You might want to check your facts on that.
From the Food and Agriculture Organization of the United Nations ( FAO ) in their Global Forest Resources Assessment 2020. Key findings include:
The world’s forest area is decreasing, but the rate of loss has slowed. … due to a reduction in deforestation in some countries, plus increases in forest area in others through afforestation and the natural expansion of forests.
Thus, while overall deforestation continues, this is driven by the continued deforestation of natural forest, while the amount of planted forest is growing. As I briefly alluded to above, including both of these in the same measure may hide more than it reveals, as natural forest is a far richer carbon sink, with much more diversity, whereas planted forest is essentially a crop, with little ecological value.
You are probably referring to this report, which does indeed conclude this, with the caveat:
The beneficial impacts of carbon dioxide on plants may be limited, said co-author Dr. Philippe Ciais, associate director of the Laboratory of Climate and Environmental Sciences, Gif-suv-Yvette, France. “Studies have shown that plants acclimatize, or adjust, to rising carbon dioxide concentration and the fertilization effect diminishes over time.”
More recent research, Unexpected reversal of C3 versus C4 grass response to elevated CO2 during a 20-year field experiment) in Science confirms the note of caution, showing that the effects of CO2 on plant growth depend greatly on circumstances, and concluding that:
even the best-supported short-term drivers of plant response to global change might not predict long-term results.
According to the World Resources Institute study in 2018, the primary drivers are agriculture (24%), wildfire (23%), and forestry (26%). No study that I have seen cites tree burning for fuel as a factor.
It’s not as simple as that. The situation in Australia, for example, is far from solved.
Unfortunately, these trends will be undercut by global warming, according to Global Warming and Agriculture: Impact Estimates by Country, a book by Wlliam Cline.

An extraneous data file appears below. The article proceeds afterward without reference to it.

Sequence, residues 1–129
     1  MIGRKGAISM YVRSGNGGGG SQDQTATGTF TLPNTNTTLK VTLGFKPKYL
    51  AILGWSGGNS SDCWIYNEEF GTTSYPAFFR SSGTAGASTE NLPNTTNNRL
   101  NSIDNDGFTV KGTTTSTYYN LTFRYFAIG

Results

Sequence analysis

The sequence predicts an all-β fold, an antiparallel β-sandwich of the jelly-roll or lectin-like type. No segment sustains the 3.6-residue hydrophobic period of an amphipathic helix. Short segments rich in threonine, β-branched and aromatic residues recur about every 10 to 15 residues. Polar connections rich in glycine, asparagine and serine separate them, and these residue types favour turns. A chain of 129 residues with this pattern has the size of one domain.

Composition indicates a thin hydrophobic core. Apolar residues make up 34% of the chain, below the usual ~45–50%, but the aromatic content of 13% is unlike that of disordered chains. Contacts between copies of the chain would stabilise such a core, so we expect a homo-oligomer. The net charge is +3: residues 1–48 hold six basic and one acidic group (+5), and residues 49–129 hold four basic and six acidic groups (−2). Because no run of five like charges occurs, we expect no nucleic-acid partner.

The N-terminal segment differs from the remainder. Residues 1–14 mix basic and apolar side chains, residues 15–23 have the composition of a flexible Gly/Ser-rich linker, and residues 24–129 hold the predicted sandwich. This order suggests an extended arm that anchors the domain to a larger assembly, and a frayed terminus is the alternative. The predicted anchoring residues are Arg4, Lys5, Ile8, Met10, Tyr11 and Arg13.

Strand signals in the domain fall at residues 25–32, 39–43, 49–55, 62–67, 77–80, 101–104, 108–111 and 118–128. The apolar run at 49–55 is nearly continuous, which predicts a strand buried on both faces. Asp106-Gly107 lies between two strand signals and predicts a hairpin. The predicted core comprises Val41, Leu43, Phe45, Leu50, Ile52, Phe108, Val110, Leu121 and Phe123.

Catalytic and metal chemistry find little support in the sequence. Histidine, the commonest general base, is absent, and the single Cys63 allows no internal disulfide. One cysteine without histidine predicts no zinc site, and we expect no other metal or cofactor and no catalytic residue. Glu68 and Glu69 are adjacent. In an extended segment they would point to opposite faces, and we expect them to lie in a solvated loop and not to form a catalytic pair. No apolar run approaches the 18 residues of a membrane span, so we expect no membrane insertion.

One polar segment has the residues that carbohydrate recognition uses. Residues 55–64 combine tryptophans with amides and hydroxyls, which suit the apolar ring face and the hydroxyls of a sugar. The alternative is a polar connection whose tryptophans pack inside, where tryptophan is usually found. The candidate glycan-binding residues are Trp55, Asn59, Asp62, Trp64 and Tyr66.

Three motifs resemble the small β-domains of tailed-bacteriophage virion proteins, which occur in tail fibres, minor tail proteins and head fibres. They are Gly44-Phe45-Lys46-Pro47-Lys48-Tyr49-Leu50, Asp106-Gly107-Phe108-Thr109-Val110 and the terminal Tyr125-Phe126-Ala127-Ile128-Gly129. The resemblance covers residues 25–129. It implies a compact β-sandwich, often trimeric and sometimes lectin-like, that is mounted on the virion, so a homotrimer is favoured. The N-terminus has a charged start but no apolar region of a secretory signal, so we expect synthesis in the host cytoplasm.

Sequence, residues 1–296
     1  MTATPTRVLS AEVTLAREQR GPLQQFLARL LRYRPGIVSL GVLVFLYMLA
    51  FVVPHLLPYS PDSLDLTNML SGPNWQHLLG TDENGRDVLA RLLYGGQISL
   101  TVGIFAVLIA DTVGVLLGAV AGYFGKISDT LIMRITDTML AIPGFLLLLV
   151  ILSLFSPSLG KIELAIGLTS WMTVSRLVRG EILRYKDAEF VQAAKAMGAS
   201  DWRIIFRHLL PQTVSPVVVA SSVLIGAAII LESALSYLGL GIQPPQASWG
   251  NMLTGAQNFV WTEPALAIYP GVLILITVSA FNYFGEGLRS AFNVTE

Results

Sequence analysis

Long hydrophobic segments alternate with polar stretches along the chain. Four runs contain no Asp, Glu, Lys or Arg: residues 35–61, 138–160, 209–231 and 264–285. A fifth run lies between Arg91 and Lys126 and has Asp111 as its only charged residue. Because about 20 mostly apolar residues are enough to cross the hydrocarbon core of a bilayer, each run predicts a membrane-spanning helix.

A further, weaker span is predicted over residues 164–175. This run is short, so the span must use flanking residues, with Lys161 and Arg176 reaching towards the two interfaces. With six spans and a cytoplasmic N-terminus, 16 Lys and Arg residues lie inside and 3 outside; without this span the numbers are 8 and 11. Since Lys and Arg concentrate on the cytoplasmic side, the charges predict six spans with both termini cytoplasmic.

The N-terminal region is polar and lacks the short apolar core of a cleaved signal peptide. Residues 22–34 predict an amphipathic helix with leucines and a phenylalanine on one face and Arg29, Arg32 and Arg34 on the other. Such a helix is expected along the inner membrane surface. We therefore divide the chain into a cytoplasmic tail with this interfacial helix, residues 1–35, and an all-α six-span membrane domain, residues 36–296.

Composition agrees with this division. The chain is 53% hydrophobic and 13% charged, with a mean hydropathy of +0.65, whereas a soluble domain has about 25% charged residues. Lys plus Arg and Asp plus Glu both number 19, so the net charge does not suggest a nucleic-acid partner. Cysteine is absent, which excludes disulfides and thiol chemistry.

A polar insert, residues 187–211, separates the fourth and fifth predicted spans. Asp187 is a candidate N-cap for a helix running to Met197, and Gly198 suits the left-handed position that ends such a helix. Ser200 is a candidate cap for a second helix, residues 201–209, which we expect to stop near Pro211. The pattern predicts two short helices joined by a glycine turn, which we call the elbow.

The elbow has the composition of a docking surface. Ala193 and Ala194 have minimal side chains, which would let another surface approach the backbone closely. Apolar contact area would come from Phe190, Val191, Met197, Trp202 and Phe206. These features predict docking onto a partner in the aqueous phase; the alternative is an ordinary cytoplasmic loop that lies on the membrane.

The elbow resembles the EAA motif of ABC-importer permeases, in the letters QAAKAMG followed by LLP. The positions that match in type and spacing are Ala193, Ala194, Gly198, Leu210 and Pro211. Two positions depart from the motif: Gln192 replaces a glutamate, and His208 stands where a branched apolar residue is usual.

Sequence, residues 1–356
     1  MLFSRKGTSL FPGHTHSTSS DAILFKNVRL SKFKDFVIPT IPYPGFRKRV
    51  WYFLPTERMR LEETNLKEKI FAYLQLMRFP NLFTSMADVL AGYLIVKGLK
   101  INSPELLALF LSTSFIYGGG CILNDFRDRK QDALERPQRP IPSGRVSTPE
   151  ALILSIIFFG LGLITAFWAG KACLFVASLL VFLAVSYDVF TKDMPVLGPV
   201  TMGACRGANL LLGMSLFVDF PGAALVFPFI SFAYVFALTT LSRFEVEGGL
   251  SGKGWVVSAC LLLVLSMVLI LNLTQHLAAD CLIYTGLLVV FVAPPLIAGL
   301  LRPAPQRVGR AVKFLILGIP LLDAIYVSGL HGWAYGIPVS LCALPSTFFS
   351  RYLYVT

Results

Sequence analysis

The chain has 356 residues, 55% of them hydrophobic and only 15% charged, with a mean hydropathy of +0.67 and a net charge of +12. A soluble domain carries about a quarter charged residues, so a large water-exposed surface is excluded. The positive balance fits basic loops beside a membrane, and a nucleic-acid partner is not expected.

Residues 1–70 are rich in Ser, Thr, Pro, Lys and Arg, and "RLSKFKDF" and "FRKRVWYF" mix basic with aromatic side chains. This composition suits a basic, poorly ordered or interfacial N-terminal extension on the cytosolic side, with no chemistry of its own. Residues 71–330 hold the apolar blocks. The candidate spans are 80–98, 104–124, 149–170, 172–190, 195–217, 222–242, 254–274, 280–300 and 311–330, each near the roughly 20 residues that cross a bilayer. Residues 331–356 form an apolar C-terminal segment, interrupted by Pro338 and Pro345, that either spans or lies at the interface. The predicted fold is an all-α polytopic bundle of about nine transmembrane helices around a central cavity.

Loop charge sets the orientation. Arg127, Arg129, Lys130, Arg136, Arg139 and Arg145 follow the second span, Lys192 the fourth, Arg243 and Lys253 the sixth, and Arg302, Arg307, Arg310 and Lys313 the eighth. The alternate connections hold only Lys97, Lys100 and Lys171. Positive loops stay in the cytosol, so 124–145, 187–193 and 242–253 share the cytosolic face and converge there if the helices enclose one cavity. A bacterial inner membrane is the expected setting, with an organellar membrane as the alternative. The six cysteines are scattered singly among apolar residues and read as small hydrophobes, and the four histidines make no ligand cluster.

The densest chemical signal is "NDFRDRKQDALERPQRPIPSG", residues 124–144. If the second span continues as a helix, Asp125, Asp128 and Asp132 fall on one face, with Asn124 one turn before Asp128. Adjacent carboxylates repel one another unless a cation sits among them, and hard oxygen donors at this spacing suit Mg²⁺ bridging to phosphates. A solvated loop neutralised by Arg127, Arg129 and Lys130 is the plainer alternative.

World agriculture faces a serious decline within this century due to global warming unless emissions of carbon dioxide and other greenhouse gases are substantially reduced from their rising path, and developing countries will suffer much steeper declines than high-income countries, according to a new study by a senior fellow at the Center for Global Development and the Peterson Institute. …
Individual developing countries face even larger declines. India, for example, could see a drop of 30 to 40 percent. Some smaller countries suffer what could only be described as an agricultural productivity collapse. Sudan, already wracked by civil war fueled in part by failing rains, is projected to suffer as much as a 56 percent reduction in agricultural production potential; Senegal, a 52 percent fall.
“Bill’s projections are sobering and alone they understate the potential problem,” said Nancy Birdsall, president of the Center for Global Development. “Governments and millions of poor people in developing countries have limited ability to cope with such changes. At least a billion people live in the poorest countries that are likely to be worst hit by this slow-moving crisis. This will be a serious problem for us all.”
Cline said that the productivity losses could be even greater than he has calculated because of more insect pests, severe drought, and scarcity of water for irrigation, changes that are likely to accompany climate change but are not explicitly included in the models he used in the study.
Specifically considering the question of whether technology will offset climate losses, Cline shows that “the pace of the green revolution has slowed, with annual global yield gains falling from 2.8 percent per year in the 1960s and 1970s to 1.6 percent in the past quarter century”. Even without the impacts of global warming, population growth, shrinkage of water supplies, increased cost of oil and other fuels, and other factors will make it hard to increase overall agricultural productivity. And of course, the regions that need the greatest increases are the very same regions that will be hit hardest and soonest by global warming.
As I am writing this, all of us are affected by the COVID-19 pandemic, which was ultimately caused by deforestation. We have become so transfixed by our own situation that we sometimes forget that global warming is not waiting for anyone. Right now, over a quarter of Bangladesh is underwater. Meanwhile, according to the NY Times,
Vanuatu is literally sinking into the Pacific. Pastoralists in the Horn of Africa are being pushed to the edge of survival by back-to-back droughts. In the megacity of Mumbai, the rains come in terrifying cloudbursts.
The inequity is striking, no matter which way you slice it. One recent analysis found that the world’s richest 10 percent are responsible for up to 40 percent of global environmental damage, including climate change, while the poorest 10 percent account for less than 5 percent. Another estimated that warming had reduced incomes in the world’s poorest countries by between 17 percent and 30 percent.
The whole article is well worth a read. There is no room for complacency.